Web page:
An academic dissertation for the Degree of Doctor of Philosophy in Roman Languages at Stockholm University by Franco Pauletto was publicly defended on Friday 24 March 2017 at 10:00 in Högbomsalen, Geovetenskapens hus, Svante Arrhenius väg 12, Campus Frescati.

Download the thesis from DiVA (Academic Archive On-line)

English title: The social order at the dinner table: The interaction between parents and children in Italian and Swedish families


This dissertation examines mealtime conversations between parents and children in eight Swedish and eight Italian middle class, dual-earner households, exploring the ways in which children are engaged in the cooperative construction of social order. The study is part of an international project (cf. Aronsson & Pontecorvo, 2002), coordinated with prior work in the US (cf. Ochs & Kremer-Sadlik, 2013).

Study I explores how children’s accounts work during family dinner conversations. So called proto-accounts (laments, multiple repeats, want-statements) and varied verbal accounts are analyzed in relation to age class or prior language socialization experiences.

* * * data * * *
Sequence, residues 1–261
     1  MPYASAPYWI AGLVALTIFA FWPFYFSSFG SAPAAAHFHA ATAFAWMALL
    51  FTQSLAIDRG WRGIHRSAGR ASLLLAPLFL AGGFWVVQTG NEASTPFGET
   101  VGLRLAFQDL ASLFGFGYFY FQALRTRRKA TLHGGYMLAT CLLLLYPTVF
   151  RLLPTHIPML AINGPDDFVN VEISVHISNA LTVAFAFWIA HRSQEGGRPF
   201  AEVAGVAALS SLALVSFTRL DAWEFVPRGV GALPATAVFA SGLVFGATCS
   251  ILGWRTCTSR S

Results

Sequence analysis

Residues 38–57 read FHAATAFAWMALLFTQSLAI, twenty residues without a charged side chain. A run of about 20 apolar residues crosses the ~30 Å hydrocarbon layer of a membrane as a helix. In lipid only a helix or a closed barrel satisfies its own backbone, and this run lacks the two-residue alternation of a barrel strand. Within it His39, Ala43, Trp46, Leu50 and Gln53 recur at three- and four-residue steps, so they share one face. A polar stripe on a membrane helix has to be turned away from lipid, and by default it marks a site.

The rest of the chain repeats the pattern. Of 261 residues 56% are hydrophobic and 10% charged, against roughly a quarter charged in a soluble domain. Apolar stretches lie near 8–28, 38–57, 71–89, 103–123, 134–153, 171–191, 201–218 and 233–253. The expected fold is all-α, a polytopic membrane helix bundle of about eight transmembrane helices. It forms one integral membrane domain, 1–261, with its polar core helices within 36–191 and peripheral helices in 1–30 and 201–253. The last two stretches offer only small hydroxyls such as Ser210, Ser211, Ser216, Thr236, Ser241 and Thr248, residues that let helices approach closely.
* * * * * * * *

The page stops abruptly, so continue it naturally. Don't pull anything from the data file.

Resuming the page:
Study II focuses on the use of endearment terms in directive sequences between parents and children. The findings show an asymmetrical distribution of endearment terms, in that only parents make use of them when interactional problems – children’s non-compliance with parental requests in particular – arise.  

Study III examines the ways in which Italian parents deploy the discourse marker dai (‘come on’) in directive sequences. This is a flexible linguistic resource that is employed by parents as a cajoling token when children fail to comply with parental requests, hindering the advancement of the in-progress activity.

This thesis describes family mealtimes as parent-directed activities where sociality, morality and local understandings of the world (Ochs & Shohet, 2006) are collaboratively re-created and enacted. This confirms the crucial role of everyday family meals as rich cultural sites (Ochs & Shohet, 2006) for reasserting moral attitudes of the family: participants learn moment by moment how to be competent actors that are able to choose between alternative courses of action and that can therefore be held accountable for their actions (Bergmann, 1998: 284). From this point of view, a dinner is paradigmatic of the deep moral sense that permeates the making of a family.

Opponent: Laura Sterponi, Associate professor at Graduate School of Education, University of California, Berkeley, USA.

Supervisors: Karin Aronsson, Camilla Bardel, Fanny Forsberg-Lundell, and Lars Fant